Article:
Finland has cleared the last significant hurdle in its bid to join Nato after Turkey’s parliament approved the Nordic country’s accession to the western military alliance.
The General Assembly, controlled by a coalition led by President Recep Tayyip Erdoğan’s ruling Justice and Development party, voted just before midnight on Thursday to ratify the move, making Turkey the last of the 30 Nato countries to back Finland’s membership. Neighbouring Sweden is still waiting for both Turkey and Hungary to approve its Nato bid.
The Nato enlargement comes at a time when relations between Russia and the west have reached their lowest ebb in decades in the wake of President Vladimir Putin’s full-scale war in Ukraine.
Finland shares a 1,340km border with Russia, something that will give the western alliance a more significant foothold in the region and provide Helsinki with the additional security of belonging to a club that counts the US and Europe’s leading military powers as members.
Several procedural steps are still needed before Finland can become Nato’s 31st member, but officials in Helsinki expect them to be completed early next month.
Jens Stoltenberg, Nato secretary-general, on Twitter welcomed the Turkish vote in favour of Finland joining. “This will make the whole Nato family stronger & safer,” he wrote.
Sweden’s accession to Nato is far more uncertain. Erdoğan, who is in the middle of a tricky presidential campaign, is under growing pressure from Nato allies to approve Sweden’s membership. Many western officials believe he will delay his decision until the alliance’s summit in the Lithuanian capital, Vilnius, in July.
Ankara has lobbied Sweden to hand over dozens of people it deems to be terrorists in return for its support. But Sweden argues it can do no more to meet Turkey’s demands. Stockholm has already signalled a change to its anti-terrorist legislation that will come into force at the start of June. A Nordic official said the concession “offers Erdoğan a chance to claim a victory, if he wants”.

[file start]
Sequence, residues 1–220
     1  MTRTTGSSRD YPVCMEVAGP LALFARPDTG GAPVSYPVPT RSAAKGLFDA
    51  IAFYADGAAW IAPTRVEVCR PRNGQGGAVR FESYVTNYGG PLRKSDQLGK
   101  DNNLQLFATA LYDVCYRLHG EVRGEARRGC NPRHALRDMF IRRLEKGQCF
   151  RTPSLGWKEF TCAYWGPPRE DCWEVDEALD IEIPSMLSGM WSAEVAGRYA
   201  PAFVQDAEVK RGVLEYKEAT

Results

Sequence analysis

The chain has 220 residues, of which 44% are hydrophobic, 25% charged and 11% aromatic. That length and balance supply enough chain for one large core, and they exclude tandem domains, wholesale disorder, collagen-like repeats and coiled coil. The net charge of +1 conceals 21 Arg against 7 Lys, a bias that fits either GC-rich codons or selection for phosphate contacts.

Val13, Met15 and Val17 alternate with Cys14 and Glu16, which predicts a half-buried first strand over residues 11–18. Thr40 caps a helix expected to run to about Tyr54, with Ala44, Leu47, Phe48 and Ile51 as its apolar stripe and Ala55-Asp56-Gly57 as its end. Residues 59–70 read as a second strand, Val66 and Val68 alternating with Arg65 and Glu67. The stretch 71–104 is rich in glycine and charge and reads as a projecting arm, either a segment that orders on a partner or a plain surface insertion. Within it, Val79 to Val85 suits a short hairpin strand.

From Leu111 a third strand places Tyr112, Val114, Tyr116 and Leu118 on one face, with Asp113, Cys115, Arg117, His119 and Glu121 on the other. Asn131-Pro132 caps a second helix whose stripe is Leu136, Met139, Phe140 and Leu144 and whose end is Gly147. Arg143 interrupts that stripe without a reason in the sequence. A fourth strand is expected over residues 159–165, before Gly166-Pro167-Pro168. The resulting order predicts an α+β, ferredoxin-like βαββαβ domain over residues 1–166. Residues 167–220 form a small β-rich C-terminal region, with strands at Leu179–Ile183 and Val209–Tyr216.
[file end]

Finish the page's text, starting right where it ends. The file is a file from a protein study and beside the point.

Hungary, which last week approved Finland’s accession bid, has thus far also declined to support Sweden’s attempt to join Nato, in what diplomats see as an attempt to win concessions in Budapest’s fight to unlock EU funds.
Washington and European capitals had hoped that Finland and Sweden would join Nato together, but they are now pushing Ankara and Budapest to back Stockholm’s bid amid growing concerns over regional security. Tensions escalated on Thursday as Russia made its first arrest of a foreign journalist since its full-scale invasion of Ukraine.
Speaking at a press conference in London on Wednesday, Pål Jonson, Swedish defence minister, said he was “glad that Finland is joining Nato” and stressed that Sweden’s relationship with Nato was stronger than it had ever been — although if it did not join soon it would make defence planning with Finland and other Nordic countries harder.
Jonson added that he was respectful of Turkey and Hungary’s sovereign decisions, and that he had no “indication” that the two countries were acting in concert.
Speaking at the same event held by the UK’s Ministry of Defence, Ben Wallace, British defence secretary, said he was optimistic Ankara would approve Sweden’s accession in time for July’s Nato summit, two months after Turkey’s general election, which had put a “pause on the process”.
“In my discussions . . . with both my Turkish defence counterpart and other leaders in the Turkish security apparatus, I think there’s a genuine recognition of how far Sweden has moved on areas like the PKK [and] tackling terrorism,” he said.
Wallace added: “Whether it’s this week, this month, or next year, I think Sweden will be in Nato.”